Friday, October 9, 2015
Month of Horror Blind Spots: Ju-On-The Grudge
I'm taking this October to finally get around to checking out those movies/genres I've neglected up until now. I call these my horror blind spots, and it's time for me to finally give them a look.
Warning: this review has some pretty heavy spoilers. You've been warned!
I suppose it's a bit misleading to say I've never seen any Asian horror before taking on this month's theme. I've seen a couple of interesting examples such as The Host (which was awesome) and Tokyo Gore Police (which was fucking weird). What I'd never really seen before, however, is what's traditional J-horror, or Japanese horror films known for their psychological/supernatural elements.
Tonight I fixed that by watching the 2002 movie Ju-On: The Grudge. Written and directed by Takashi Shimizu, The Grudge is actually the third film in the Ju-On series, which I didn't find out until I'd already started watching the damn thing. From what I can tell, viewing the first two films isn't really necessary to follow The Grudge, as the plot is fairly simple: In the home where a man murdered his wife and child, a curse was born that kills anyone who visits the house. The film focuses on those unfortunate enough to enter the house through a series of segments in which, spoiler alert, everyone dies.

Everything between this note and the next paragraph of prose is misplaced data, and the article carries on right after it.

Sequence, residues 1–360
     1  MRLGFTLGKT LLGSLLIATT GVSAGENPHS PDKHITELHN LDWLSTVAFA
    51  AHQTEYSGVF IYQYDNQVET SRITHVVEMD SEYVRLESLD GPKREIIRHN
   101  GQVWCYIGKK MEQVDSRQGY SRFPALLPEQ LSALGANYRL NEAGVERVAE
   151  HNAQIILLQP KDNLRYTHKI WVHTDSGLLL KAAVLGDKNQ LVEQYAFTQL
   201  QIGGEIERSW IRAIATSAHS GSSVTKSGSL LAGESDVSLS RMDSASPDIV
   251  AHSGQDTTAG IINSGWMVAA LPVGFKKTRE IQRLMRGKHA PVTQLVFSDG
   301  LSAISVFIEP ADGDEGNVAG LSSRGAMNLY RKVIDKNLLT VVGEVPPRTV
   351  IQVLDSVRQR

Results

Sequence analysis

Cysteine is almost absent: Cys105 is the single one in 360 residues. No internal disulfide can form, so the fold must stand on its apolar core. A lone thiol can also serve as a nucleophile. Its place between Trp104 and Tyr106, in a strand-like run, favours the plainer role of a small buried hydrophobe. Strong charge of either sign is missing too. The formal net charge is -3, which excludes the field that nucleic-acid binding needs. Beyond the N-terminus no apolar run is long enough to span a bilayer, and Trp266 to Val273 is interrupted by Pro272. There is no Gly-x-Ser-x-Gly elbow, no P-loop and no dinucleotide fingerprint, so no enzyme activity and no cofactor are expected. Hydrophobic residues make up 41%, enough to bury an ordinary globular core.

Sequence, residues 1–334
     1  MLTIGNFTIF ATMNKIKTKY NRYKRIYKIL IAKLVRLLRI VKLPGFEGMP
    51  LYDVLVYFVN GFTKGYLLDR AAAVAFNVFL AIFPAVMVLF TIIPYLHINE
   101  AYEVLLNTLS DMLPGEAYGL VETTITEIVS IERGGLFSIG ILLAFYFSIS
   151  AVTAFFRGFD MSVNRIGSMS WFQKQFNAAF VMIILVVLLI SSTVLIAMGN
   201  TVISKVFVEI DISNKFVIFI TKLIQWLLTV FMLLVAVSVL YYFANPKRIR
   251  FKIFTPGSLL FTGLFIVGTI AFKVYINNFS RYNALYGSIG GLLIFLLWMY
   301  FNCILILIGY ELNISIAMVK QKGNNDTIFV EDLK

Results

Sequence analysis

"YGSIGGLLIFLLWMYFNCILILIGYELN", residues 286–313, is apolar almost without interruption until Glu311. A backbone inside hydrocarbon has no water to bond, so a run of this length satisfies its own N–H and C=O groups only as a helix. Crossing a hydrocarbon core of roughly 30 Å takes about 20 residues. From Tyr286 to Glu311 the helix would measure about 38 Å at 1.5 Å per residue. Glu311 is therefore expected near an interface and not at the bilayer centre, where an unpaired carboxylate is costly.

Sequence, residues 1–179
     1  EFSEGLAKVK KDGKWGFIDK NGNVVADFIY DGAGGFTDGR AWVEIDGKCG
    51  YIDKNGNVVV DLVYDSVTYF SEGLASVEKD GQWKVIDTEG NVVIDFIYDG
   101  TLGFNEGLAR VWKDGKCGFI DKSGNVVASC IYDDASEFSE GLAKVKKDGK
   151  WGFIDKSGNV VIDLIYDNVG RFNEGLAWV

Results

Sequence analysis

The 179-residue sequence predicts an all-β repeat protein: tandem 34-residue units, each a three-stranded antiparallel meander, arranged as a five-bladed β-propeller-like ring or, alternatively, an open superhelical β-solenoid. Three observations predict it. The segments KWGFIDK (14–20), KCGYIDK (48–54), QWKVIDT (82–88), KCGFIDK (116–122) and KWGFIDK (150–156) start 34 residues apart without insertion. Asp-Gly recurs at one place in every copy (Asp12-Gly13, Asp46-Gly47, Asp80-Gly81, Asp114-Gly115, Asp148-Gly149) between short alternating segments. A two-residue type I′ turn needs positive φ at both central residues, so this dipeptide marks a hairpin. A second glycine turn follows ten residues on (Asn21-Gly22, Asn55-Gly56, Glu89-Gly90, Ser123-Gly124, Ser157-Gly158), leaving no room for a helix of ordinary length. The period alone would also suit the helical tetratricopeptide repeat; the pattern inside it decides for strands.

And here in lies my issue with The Grudge. I never really doubted that everyone in the movie was going to die. As it turns out, this can take away suspense just as much as knowing that everyone is going to live. All of the segments in this flick hit the same beats. Person has contact with the house. Person is followed by ghosts of either the original family or by dead loved ones killed by the curse. Person is then also killed by the curse.
I suppose haunted house stories have always been hit or miss for me. I do enjoy when a movie plays on creepy elements, and The Grudge did have its moments, such as the Predator-like growling of Kayako's ghost over the phone, or the first two or three times we see her awkwardly crawl toward her prey. But the more the movie used Kayako, the more routine it became. Plus, during the climax, main protagonist Rika encounters Kayako three times within the span of about two minutes. During this time, all I can think is, "Why the fuck are you still in this house?" And then I feel like an asshole because I hate when people act like they know what they'd do in an extreme situation like that. But still...why the fuck are you still in that house??
Anyway, I can't say there's anything actually wrong with Ju-On. It's well shot, the actors all hit their beats well, and the story makes good use of playing with the way everyone in the movie is connected by the house. I think my lack of enthusiasm for the movie is simply a matter of personal taste. I'm an child of the 80s slasher genre. I like my villains corporeal and stabby, and I like knowing that at least one person will survive the ordeal. But I'm not giving up on the J-horror genre. I've still got one more for this week, the 2001 movie Kairo.